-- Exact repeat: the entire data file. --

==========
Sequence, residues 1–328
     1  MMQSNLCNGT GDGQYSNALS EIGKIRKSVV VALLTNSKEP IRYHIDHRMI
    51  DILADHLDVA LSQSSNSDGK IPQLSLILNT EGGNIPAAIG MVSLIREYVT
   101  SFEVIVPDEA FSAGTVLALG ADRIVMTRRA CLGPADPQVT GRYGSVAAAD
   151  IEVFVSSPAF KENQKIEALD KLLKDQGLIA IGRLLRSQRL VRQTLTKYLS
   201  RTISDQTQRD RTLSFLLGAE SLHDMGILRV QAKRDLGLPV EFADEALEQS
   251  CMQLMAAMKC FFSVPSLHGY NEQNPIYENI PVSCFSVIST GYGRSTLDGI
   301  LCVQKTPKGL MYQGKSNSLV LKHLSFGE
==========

Sequence, residues 1–328
     1  MMQSNLCNGT GDGQYSNALS EIGKIRKSVV VALLTNSKEP IRYHIDHRMI
    51  DILADHLDVA LSQSSNSDGK IPQLSLILNT EGGNIPAAIG MVSLIREYVT
   101  SFEVIVPDEA FSAGTVLALG ADRIVMTRRA CLGPADPQVT GRYGSVAAAD
   151  IEVFVSSPAF KENQKIEALD KLLKDQGLIA IGRLLRSQRL VRQTLTKYLS
   201  RTISDQTQRD RTLSFLLGAE SLHDMGILRV QAKRDLGLPV EFADEALEQS
   251  CMQLMAAMKC FFSVPSLHGY NEQNPIYENI PVSCFSVIST GYGRSTLDGI
   301  LCVQKTPKGL MYQGKSNSLV LKHLSFGE